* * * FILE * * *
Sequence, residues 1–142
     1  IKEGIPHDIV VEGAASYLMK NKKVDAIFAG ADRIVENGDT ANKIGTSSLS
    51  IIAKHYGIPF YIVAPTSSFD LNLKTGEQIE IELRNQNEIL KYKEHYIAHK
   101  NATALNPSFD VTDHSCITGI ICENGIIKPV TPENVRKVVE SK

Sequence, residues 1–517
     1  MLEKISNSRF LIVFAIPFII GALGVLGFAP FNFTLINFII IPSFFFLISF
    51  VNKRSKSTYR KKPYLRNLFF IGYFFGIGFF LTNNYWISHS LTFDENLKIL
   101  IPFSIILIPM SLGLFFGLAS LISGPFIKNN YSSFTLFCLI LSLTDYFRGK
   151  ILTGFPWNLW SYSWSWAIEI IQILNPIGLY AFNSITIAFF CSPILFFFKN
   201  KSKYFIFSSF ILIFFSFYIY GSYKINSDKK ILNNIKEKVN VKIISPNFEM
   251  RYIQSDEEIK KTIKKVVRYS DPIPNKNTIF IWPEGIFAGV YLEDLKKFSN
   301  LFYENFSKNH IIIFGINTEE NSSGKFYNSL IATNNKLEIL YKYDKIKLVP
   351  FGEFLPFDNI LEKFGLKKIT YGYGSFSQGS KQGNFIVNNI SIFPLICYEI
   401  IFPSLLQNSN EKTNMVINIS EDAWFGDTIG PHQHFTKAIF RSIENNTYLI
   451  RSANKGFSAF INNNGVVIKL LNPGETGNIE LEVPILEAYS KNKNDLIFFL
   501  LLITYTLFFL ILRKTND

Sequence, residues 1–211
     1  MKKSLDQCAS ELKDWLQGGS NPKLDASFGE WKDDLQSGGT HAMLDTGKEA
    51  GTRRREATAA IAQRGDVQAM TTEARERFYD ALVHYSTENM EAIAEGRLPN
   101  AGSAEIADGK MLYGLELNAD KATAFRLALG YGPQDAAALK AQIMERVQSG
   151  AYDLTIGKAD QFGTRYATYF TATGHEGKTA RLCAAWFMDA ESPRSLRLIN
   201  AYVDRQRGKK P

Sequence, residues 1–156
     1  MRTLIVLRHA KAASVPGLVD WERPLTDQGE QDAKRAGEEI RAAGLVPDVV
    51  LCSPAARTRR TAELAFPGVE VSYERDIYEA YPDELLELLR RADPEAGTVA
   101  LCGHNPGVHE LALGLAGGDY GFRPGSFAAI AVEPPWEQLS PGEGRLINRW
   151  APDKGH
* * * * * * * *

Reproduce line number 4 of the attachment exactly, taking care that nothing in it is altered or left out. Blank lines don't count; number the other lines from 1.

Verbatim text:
   101  NATALNPSFD VTDHSCITGI ICENGIIKPV TPENVRKVVE SK